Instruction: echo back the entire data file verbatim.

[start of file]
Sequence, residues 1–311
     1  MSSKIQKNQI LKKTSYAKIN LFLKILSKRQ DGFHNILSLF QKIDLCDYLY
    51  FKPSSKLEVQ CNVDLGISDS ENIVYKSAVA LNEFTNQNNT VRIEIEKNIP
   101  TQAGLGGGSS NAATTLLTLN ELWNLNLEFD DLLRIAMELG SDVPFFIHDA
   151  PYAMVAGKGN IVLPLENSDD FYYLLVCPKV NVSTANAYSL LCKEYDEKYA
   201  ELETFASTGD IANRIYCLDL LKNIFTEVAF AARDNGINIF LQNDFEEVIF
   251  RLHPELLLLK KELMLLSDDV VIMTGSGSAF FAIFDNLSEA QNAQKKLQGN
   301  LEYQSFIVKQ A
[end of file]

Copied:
Sequence, residues 1–311
     1  MSSKIQKNQI LKKTSYAKIN LFLKILSKRQ DGFHNILSLF QKIDLCDYLY
    51  FKPSSKLEVQ CNVDLGISDS ENIVYKSAVA LNEFTNQNNT VRIEIEKNIP
   101  TQAGLGGGSS NAATTLLTLN ELWNLNLEFD DLLRIAMELG SDVPFFIHDA
   151  PYAMVAGKGN IVLPLENSDD FYYLLVCPKV NVSTANAYSL LCKEYDEKYA
   201  ELETFASTGD IANRIYCLDL LKNIFTEVAF AARDNGINIF LQNDFEEVIF
   251  RLHPELLLLK KELMLLSDDV VIMTGSGSAF FAIFDNLSEA QNAQKKLQGN
   301  LEYQSFIVKQ A